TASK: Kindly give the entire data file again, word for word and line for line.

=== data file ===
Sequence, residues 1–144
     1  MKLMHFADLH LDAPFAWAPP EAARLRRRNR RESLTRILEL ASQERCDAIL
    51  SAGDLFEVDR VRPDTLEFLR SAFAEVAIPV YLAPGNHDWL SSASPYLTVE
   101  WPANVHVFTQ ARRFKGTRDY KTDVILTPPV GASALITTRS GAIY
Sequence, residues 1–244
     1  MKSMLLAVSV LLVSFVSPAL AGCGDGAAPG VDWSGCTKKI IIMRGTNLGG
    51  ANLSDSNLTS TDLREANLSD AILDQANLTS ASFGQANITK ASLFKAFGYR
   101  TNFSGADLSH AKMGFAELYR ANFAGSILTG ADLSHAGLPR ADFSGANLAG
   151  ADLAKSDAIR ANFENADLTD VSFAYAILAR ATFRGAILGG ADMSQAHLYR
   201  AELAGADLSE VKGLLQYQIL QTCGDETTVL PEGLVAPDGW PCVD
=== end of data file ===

Sequence, residues 1–144
     1  MKLMHFADLH LDAPFAWAPP EAARLRRRNR RESLTRILEL ASQERCDAIL
    51  SAGDLFEVDR VRPDTLEFLR SAFAEVAIPV YLAPGNHDWL SSASPYLTVE
   101  WPANVHVFTQ ARRFKGTRDY KTDVILTPPV GASALITTRS GAIY
Sequence, residues 1–244
     1  MKSMLLAVSV LLVSFVSPAL AGCGDGAAPG VDWSGCTKKI IIMRGTNLGG
    51  ANLSDSNLTS TDLREANLSD AILDQANLTS ASFGQANITK ASLFKAFGYR
   101  TNFSGADLSH AKMGFAELYR ANFAGSILTG ADLSHAGLPR ADFSGANLAG
   151  ADLAKSDAIR ANFENADLTD VSFAYAILAR ATFRGAILGG ADMSQAHLYR
   201  AELAGADLSE VKGLLQYQIL QTCGDETTVL PEGLVAPDGW PCVD